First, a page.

English the international marketing language
Growth spurred by globalization and the advent of the Net

In 1905, Polish philologist Dr. Ludwik Zamenhof published a guide to Esperanto, a new language he hoped would be adopted by the world community, so people of all countries could talk to, and understand each other.

He needn't have bothered. Despite some initial interest, Esperanto never really caught on. With the advent of globalization, it was English that increasingly evolved as the primary language of communications in everything from science, international relations, pop culture, and yes, marketing.

"You see English advertising in Europe, in every second television commercial," said Scott Goodson, president of Strawberry Frog, an Amsterdam based ad agency specializing in interactive branding. "Even in France, English is the accepted unofficial language of Europe."

Goodson's staff, who come from a dozen European countries, communicate with each other in English, the agency's Web-site is in English only, and they recently ran an English-language campaign for Tektronix color printers across all European markets.

The signs of English's ascent are everywhere. American cultural exports are leading the charge. Movies, and television programming, are broadcast in their original versions, with sub-titles added, in many European countries.

English's ubiquity has made it the language of choice for European businessmen trying to communicate with one another. "It is the language which connects businesses in Helsinki, to businesses in Madrid, Athens, Paris and London," said Goodson.

For example Merita-Nordbanken, recently created by a merger Swedish and Finnish firms, and now the largest bank in Scandinavia, adopted English as its official corporate language. The company did this, in spite of the fact that it was not the first language of either organization.

English has replaced French as the most common second language taught in European schools. In Germany, many states are adopting curriculums designed to make students bilingual in English and German.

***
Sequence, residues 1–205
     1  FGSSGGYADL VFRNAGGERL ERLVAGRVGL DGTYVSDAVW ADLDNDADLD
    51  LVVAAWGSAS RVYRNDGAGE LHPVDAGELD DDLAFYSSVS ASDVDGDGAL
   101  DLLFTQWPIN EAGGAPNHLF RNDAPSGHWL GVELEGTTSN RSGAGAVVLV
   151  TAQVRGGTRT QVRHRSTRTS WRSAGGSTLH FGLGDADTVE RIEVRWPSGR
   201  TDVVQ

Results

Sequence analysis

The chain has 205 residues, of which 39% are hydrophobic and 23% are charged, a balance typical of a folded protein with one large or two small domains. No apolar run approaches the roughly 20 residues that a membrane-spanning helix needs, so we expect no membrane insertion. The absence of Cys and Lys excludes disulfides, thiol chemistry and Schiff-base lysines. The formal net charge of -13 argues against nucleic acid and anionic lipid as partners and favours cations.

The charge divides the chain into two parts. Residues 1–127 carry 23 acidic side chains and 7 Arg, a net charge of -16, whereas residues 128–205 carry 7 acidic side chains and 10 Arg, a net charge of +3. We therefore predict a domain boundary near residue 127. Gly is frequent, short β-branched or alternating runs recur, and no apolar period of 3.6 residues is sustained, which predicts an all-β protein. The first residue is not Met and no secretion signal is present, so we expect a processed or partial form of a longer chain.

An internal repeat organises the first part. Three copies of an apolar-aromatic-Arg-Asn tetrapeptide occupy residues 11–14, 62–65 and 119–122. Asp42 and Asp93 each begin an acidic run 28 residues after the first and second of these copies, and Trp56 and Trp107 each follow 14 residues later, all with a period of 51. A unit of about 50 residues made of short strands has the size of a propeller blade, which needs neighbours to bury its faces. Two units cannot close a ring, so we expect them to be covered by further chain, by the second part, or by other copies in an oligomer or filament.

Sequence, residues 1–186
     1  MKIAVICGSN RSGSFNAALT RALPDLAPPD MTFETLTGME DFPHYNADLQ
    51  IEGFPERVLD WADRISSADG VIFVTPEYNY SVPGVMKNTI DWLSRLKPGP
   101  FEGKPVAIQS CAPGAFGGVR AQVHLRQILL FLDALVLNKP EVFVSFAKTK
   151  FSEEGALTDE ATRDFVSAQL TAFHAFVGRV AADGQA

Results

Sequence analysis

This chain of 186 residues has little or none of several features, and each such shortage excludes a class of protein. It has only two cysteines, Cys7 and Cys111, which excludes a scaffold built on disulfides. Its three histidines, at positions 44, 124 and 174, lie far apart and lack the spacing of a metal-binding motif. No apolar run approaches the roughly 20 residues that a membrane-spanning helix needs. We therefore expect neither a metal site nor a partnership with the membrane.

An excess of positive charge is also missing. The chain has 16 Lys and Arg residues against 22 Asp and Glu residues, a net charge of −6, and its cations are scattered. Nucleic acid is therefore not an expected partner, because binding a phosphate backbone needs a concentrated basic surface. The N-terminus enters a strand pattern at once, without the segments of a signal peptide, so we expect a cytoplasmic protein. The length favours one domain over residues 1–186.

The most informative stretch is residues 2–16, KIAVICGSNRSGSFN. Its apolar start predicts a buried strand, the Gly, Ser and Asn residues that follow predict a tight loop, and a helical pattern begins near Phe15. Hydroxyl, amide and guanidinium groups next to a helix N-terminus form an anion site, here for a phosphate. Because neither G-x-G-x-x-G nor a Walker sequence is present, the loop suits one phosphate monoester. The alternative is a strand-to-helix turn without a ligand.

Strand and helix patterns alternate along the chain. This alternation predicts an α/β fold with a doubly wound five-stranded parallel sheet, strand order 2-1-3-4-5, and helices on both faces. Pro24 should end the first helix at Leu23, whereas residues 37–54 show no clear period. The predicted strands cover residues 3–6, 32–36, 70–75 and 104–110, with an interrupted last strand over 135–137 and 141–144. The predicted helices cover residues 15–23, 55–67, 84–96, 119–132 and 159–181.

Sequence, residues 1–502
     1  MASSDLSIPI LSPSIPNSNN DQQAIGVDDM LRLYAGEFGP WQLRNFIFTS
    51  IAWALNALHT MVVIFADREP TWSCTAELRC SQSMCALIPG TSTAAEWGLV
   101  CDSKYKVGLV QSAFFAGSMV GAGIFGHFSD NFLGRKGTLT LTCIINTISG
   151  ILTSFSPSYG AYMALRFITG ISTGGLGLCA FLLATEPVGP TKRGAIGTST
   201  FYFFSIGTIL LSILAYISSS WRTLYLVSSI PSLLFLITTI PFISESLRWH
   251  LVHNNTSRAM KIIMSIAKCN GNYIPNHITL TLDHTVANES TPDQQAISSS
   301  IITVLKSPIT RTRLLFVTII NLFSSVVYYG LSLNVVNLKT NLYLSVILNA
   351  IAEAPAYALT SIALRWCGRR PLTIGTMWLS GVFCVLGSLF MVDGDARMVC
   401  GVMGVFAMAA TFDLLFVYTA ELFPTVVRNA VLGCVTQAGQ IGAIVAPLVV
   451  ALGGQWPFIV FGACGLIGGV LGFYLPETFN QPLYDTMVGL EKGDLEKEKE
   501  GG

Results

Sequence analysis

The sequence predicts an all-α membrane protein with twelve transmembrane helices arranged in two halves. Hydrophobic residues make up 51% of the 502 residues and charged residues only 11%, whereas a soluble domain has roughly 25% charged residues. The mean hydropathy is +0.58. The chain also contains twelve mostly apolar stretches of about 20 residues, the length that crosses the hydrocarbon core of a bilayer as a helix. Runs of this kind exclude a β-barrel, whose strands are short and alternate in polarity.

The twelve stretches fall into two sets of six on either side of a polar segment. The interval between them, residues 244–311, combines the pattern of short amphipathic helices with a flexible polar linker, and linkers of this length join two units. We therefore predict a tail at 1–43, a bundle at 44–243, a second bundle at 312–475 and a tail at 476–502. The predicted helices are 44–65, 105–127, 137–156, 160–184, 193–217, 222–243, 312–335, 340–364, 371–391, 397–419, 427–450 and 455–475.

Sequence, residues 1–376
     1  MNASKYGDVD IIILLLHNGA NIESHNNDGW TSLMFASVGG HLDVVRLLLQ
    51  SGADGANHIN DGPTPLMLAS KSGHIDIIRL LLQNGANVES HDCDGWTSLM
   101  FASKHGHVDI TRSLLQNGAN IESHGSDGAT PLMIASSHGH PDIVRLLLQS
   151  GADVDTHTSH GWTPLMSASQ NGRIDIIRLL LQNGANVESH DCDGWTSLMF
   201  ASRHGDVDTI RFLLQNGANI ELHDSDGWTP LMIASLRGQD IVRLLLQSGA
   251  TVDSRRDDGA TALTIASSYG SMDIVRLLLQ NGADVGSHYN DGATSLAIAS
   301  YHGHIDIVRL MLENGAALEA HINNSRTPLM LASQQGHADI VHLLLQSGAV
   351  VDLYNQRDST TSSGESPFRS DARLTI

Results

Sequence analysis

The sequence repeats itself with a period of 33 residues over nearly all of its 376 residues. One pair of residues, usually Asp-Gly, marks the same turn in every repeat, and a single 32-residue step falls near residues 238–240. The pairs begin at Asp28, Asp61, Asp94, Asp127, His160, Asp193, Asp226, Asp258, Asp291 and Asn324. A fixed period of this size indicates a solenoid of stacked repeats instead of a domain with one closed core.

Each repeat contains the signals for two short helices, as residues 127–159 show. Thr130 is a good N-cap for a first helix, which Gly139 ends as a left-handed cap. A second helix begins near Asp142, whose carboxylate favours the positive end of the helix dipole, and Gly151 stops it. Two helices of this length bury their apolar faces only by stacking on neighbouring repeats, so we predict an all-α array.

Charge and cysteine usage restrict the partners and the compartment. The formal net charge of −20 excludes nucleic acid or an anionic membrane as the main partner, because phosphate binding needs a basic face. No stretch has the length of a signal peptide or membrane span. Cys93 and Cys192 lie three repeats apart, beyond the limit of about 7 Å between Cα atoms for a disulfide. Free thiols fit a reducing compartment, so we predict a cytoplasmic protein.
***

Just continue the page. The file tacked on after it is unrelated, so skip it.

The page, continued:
Euro youth, are increasingly accepting that English is the key to their future. Being able to communicate is a saleable skill said Goodson. "(Knowing English) also does the job of distancing them from their parents, who don't speak the language."

While only about 375 million people speak English as a first language, when you add in those who use it as a second or third language, the number is closer to 1.5 billion. And the total is rising every day.

Leading the language's most recent charge is the Internet. According to a survey by Inktomi Corp., which recently mapped more than a billion documents on the Web, 86.55 per cent of those were in English, compared to only 2.36 per cent in French, the next most popular language on the Net.

All of the 10 most popular Web-sites, are in English, according to Advertising Age magazine. It should not be surprising that the ads on those sites reflect the language of their audience.

The spread of English is not confined to Europe. In Japan, before he left office earlier this year, ex-Prime Minister Keizo Obuchi, released a report that proposed English be made the country's second official language. The report concluded that for Japan to achieve world class excellence, all Japanese need to acquire a working knowledge of English.

This, in spite of the fact that English is already taught to all students in the public school system, and that English-language comprehension tests are in the process of being added to high-school entrance exams.

According to one author, the lack of English skills is destroying Japan, since the vague nature of the Japanese language allows people to hide their opinions. Use of English, a much more direct language would force more people to say what they think.

Probably the biggest threat English faces is from its own success. The speed at which it is being adopted in all areas of the world, has left no time for official uniform standards and usage guideline mechanisms to evolve. This is leading to the evolution of dialects, which if they evolve too far, could lead to those speaking them, becoming incomprehensible to one another.

For example the English spoken by the Euro-youth is an evolving form called Euro-speak, which according to Goodson is influenced by a fusion of youth culture, techno-music and late night clubbing along the Mediterranean.

There is of course some backlash against the rise of English, notably in France, where a recent proposal to force Air France pilots to speak English to air traffic controllers at Charles de Gaulle airport met with considerable resistance.

And of course here in Quebec, there is no shortage of fear mongers, bureaucrats and demographers ready to demonstrate the impending doom of the French language, a potential catastrophe, which justifies all kinds of government initiatives.

Goodson likens these Luddite measures to a 20th century nationalism in the age of the Internet, he said, speaking of that recent century as though it was medieval history.

These old-world concepts of the nation state are being consigned to cocktail trivia said Goodson. "(Although) they may still get some votes from disenfranchised groups, they will not affect how society develops."

E-mail can be sent to Peter Diekmeyer at peter@peterdiekmeyer.com


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